• Dress for school. It’s unlikely you will ask your kids to wear school uniforms at home, but insisting on comfortable adequate clothing can be helpful. Discourage pyjama-school and the wearing of “weekend” or “going out” clothes when learning. This might seem too restrictive, but it can be helpful in reinforcing the importance of school-work at home.

Be honest. There will be questions you cannot answer. Science or maths you do not understand. History you have forgotten. Books you’ve never read. And more. This is fine. You do not need to know everything. Your children know you do not know everything (sorry, they do). Use Google. Ask the school. Ask your child (!). Your job is not to know the answers but to help your child find the answers. There is a difference.

Talk to the school.  Schools are trying really hard to respond to this new-reality. They are developing new distance-learning methods. They are implementing innovative classroom-scheduling approaches to maximise classroom time when possible. They have all sorts of resources for your kids and for you. Talk to them. We know that some schools have made more progress than others (and we have a fair sense of the complex reasons behind this) but all schools are trying their absolute best and all schools are ready to help parents.

Talk to work. Your competing daily roles (mother, worker, wife, daughter, gym-goer, etc.) will get into conflict sometimes. This is happening to all of us. Including your boss. Most bosses are human beings too. Really! So ask your boss for a bit of flexibility when you need it. She or he is likely to be more understanding than you might think. If you remain committed to delivering your work deliverables in a reasonable timeframe, you can probably expect a fair and reasonable response.

Begin with basics. Every stage of education has its foundation. We begin with reading, writing, and numbers. We develop these skills as we add musicality, world-knowledge (history, geography), and more. You will not go far wrong by concentrating on the key foundation skills of literacy & numeracy (indeed, many believe that these core skills are already under-taught).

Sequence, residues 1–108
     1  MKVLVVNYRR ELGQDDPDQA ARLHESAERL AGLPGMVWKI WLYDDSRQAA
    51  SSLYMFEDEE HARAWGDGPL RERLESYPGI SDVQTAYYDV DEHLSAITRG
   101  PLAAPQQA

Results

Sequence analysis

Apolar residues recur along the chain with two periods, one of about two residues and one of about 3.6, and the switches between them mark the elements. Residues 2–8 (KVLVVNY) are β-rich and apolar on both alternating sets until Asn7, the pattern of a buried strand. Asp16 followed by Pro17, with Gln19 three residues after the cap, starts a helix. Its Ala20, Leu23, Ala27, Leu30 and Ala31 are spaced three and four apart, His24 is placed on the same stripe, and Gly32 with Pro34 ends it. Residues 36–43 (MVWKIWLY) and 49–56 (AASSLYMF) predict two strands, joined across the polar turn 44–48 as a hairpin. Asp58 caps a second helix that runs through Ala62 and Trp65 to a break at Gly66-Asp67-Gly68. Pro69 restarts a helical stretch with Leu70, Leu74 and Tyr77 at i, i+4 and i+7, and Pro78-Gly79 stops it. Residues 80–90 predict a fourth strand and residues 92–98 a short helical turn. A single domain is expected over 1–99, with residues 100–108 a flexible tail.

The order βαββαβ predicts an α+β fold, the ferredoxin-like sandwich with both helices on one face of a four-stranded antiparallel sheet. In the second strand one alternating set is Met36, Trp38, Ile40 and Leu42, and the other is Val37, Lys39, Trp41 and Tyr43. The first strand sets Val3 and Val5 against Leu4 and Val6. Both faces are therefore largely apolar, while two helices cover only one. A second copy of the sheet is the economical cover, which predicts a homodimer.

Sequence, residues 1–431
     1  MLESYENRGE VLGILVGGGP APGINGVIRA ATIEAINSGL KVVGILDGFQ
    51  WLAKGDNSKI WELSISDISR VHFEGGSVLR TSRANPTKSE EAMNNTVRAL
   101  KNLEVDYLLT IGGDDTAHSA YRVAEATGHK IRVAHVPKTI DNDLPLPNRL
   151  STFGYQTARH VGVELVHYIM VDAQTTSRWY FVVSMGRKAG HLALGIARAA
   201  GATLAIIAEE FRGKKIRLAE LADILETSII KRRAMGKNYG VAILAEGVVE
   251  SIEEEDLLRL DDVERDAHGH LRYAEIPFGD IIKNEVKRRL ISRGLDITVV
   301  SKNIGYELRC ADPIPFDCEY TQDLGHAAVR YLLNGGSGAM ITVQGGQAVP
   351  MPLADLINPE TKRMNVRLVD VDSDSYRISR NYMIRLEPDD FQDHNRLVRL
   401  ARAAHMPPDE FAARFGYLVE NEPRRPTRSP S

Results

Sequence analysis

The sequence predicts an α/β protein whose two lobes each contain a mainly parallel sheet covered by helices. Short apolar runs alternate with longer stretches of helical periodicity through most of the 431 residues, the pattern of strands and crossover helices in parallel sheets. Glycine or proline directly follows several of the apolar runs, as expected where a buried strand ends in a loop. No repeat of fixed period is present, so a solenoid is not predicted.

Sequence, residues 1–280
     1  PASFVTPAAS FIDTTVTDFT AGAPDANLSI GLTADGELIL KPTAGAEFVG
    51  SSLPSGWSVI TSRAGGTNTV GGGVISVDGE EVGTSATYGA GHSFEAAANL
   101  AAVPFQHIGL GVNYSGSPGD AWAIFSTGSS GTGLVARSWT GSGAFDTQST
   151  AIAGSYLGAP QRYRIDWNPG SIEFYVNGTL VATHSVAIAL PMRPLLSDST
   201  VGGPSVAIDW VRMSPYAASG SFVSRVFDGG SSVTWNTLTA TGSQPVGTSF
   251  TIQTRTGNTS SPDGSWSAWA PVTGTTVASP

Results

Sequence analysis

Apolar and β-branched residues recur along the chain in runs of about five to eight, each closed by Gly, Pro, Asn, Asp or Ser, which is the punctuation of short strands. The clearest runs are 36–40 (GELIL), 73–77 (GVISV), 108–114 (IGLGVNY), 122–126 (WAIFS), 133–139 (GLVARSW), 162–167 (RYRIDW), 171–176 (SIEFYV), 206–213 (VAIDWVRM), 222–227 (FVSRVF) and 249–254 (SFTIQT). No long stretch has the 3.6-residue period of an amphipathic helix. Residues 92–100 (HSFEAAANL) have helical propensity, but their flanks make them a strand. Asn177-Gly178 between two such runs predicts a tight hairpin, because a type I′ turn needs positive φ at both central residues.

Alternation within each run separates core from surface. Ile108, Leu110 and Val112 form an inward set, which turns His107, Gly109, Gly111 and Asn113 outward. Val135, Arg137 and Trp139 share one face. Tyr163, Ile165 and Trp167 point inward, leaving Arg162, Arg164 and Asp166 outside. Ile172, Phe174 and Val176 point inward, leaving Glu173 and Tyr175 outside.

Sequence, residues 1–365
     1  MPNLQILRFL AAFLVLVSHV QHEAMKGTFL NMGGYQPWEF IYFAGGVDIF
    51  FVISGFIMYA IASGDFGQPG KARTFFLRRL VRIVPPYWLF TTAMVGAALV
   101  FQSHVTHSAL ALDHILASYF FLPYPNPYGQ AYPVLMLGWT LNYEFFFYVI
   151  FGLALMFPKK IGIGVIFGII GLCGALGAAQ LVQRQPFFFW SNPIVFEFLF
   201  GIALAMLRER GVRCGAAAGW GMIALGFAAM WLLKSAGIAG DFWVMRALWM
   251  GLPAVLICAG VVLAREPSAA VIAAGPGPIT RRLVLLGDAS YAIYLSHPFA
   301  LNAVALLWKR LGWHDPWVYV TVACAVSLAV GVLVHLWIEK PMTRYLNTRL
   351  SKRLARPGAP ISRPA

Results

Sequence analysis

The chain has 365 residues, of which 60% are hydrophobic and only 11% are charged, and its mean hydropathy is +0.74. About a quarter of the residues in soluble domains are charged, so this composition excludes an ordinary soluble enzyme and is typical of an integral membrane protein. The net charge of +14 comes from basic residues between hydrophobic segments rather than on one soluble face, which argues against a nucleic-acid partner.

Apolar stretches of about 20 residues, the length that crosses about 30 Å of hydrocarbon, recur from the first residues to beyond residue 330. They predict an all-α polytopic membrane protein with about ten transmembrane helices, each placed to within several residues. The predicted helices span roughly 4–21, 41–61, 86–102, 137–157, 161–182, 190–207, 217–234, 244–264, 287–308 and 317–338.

Don’t overdo it. Childhood is not only about school. So don’t expect your kids to study for 10 hours a day. Remember that before you were the learning-facilitator at home, you were, and you are, Mom (or Dad, etc.). Children need love. Children need fun. Children need exercise and fresh air. Etc. Try to remember all of this and the need for balance.

Remember age.  If your child is already at high school, the need for parental involvement is much less. It is really primary school children who need parental input the most – older children take on the role of independent-learner quite well when encouraged. As your children age, you can and should start to let them take more and more personal responsibility for learning. The details and some professional opinions vary a bit here (how much supervision vs how much independence and at what age) but the basic point is clear enough. So please give this some careful thought so that you support your child in becoming an independent, educated adult.

There is no doubt that in these times of unprecedented change, school-going children may suffer from lack of schooling, and all that that means. Parents can do a great deal to manage this and to support the vital education process. There is a need for sensible balanced realistic planning, careful thought, and a flexible family approach. It is not easy. It is actually very challenging. But much can be done by smart dedicated parents, like you.